Look on thy degraded condition by sin, I forward to the exalted glory of the saints in light; mighty exaltation, the marvellous change is owing the great love of our Master and only Saviour Jesus rist, "who gave Himself for us." In another sense is our Lord, i. e., our Master; we are His serts, His disciples. If you go to China, or the heaį lands ; if you go to Islam, or the Jews, you

" He

THE GREAT GIVER AND THE GREAT GIPT.

63

hear men say, Budda, Brahma, or Siva, or Mahomet, or Moses, is our Master ; but here, in this Christian country, here amongst us, Jesus Christ is Lord. Leaving the multitudes alone, busied in their worldly commerce, Jesus Christ hath called us, saying to each one, as he said to the fishermen of Galilee, “ Follow Me-I will set you on work, and when the day is over, I will call you to the reckoning." Oh ! how many forget that Jesus is their Lord and Master ! how many refuse to do His work, or slur it over hurriedly, and yet all hope to receive His pay! Foolish thought, and idle expectation ! Suppose you were to hire yourself to a farmer, and undertake to work for him from morning even unto nightfall; but instead of that

you

should idle, or do your own business or pleasure, and when told of your fault and failing, should laugh in the face of him who told you ; do you think the farmer would pay you ? certainly not; neither will Christ pay idlers and triflers, only the labourers of His vineyard.

But let us not rest too long on the word Lord or Master, let us take the other title that the text names, Saviour. Oh! that is the word with meaning above everything! When we talk of Duty we sink down abashed and wretched, for we have not done it, we cannot do it, we are unprofitable servants; and then He draweth nigh to us, I mean our Lord and Master, and taking us by the hand, saith—“I am your

Saviour.”—The miraculous draught of fishes could not have driven into the heart of Simon more wondrous feelings

of awe and marvel

, than that word Saviour uttered by Christ can bring into ours ; and besides the awe there caneth in at the same time a feeling of love, keen, beatfelt

, genuine love ; to think that so divine a Master, should demean Himself in such guise, as to take the trembling bond-slave by the hand, and say unto kim="I will make you free.” More than that, far bore ; for doth not the text say, “Our Lord and Saviour Jesus Christ gave Himself for us? What does this tersan? We hear of servants giving themselves to their nestens; subjects to their lords, constrained by duty de service, or promptings of gratitude ; but whoerer had before of Lord and Master giving himself for his sires and dependants? Yet here it is written! ... I deze say you have often thought about this, but I the prea to think of it again; and I pray God to bless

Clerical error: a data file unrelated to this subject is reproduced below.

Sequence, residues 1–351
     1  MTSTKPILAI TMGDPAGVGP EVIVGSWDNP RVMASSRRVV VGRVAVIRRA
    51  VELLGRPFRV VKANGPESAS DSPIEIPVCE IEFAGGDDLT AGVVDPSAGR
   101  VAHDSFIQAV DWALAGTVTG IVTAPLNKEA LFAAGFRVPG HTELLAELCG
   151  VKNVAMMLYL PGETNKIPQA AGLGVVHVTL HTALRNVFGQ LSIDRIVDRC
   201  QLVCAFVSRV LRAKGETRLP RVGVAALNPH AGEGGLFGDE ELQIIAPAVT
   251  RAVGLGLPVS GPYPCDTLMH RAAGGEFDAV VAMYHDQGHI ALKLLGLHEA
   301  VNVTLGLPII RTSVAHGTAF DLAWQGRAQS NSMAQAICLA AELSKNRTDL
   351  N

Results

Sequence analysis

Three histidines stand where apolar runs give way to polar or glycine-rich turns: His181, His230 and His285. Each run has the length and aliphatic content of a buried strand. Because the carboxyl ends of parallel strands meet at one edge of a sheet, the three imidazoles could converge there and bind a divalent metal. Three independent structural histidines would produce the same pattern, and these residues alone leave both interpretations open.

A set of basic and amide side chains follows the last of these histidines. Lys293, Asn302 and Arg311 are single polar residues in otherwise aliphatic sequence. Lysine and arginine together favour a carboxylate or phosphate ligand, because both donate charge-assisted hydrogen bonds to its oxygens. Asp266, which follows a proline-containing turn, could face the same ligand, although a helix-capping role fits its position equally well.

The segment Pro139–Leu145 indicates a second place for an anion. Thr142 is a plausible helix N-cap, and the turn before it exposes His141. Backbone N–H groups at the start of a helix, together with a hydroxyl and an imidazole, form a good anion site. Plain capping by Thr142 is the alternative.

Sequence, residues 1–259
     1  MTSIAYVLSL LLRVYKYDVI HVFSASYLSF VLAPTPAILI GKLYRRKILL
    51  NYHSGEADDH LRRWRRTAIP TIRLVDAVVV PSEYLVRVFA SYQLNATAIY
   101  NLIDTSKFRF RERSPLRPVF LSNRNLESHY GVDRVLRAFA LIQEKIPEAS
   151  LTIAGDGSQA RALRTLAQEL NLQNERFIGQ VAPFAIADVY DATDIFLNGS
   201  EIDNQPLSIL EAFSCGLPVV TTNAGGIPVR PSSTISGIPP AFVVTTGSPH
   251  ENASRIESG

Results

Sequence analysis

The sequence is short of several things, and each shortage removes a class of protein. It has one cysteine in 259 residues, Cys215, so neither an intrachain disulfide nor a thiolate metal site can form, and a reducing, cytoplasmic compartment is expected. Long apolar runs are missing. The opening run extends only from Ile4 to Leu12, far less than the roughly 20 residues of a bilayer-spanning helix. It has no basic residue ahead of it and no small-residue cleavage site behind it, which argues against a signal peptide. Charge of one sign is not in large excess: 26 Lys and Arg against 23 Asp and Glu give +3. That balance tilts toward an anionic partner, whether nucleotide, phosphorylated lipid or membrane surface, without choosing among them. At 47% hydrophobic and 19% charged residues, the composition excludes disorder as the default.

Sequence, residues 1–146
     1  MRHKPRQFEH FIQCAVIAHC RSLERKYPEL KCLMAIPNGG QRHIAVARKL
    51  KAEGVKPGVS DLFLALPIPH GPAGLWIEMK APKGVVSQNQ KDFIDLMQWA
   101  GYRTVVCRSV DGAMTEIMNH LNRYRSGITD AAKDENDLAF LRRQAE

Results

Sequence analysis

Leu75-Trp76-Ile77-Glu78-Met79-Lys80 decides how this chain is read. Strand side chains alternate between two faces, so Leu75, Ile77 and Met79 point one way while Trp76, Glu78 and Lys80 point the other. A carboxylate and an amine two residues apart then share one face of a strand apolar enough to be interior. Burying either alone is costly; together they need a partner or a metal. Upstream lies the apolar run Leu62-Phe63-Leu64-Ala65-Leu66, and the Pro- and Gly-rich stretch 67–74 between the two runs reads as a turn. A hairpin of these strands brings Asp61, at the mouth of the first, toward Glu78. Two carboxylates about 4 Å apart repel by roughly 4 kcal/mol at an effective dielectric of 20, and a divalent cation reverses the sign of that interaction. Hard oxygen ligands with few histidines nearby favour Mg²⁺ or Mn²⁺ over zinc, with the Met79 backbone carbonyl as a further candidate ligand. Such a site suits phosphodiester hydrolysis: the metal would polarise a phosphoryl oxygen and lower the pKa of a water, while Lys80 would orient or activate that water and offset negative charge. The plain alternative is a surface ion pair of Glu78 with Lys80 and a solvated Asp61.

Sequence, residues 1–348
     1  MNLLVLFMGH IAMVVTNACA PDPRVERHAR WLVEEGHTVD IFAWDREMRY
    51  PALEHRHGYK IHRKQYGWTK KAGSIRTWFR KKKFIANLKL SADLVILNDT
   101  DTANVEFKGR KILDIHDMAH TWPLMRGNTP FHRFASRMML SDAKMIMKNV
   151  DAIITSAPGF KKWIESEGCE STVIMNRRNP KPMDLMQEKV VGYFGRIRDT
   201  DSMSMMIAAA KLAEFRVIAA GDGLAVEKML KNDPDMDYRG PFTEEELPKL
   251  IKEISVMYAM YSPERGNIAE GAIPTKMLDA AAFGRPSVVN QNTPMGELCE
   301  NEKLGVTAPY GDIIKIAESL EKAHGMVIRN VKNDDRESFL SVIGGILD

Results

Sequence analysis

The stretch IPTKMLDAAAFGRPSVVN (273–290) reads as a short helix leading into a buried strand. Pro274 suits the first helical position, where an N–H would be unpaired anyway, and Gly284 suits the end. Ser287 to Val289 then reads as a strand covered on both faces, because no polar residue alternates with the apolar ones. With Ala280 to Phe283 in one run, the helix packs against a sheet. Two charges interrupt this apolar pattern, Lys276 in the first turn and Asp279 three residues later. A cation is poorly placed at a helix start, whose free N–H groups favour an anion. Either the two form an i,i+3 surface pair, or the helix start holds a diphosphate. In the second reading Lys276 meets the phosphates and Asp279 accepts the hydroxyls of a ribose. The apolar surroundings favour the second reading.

yake taraghts to your good.

I will try and be very plain, just mention a few particulars wherein our Saviour gave Himself for us ; 11 sufered my thoughts and my words to go in that mask, and take that flight, which, poor as they are, Mests are nevertheless capable of, you would not perlas be able, all of you; to follow me; for 'tis a marphones sukojet; full of most profound mysteries ; deep 3 Komits, wide as immensity, no created being can, valley, Sathona it He gave Himself for us. He, being God, gave Himself to tecome a man for us. He dwelt in Heaven, in the Sep od the Father on His throne; the angels wor

of awe and marvel, than that word Saviour uttered by Christ can bring into ours; and besides the awe there ometh in at the same time a feeling of love, keen, cartfelt, genuine love; to think that so divine a Maser, should demean Himself in such guise, as to take he trembling bond-slave by the hand, and say unto im~" I will make you free.” More than that, far lore; for doth not the text say, “ Our Lord and Saviour esus Christ gave Himself for us?” What does this ean? We hear of servants giving themselves to their asters; subjects to their lords, constrained by duty

service, or promptings of gratitude ; but whoever eard before of Lord and Master giving himself for his aves and dependants? Yet here it is written! dare say you have often thought about this, but I g you to think of it again; and I pray God to bless ur thoughts to your good. I will try and be very plain, just mention a few rticulars wherein our Saviour gave Himself for us ; I suffered my thoughts and my words to go in that ck, and take that flight, which, poor as they are, y are nevertheless capable of, you would not peros be able, all of you; to follow me; for ’tis a marlous subject; full of most profound mysteries; deep eternity, wide as immensity, no created being can, sibly, fathom it! Ie gave Himself for us. He, being God, gave Himself Decome a man for us. He dwelt in Heaven, in the y of the Father on His throne; the angels wor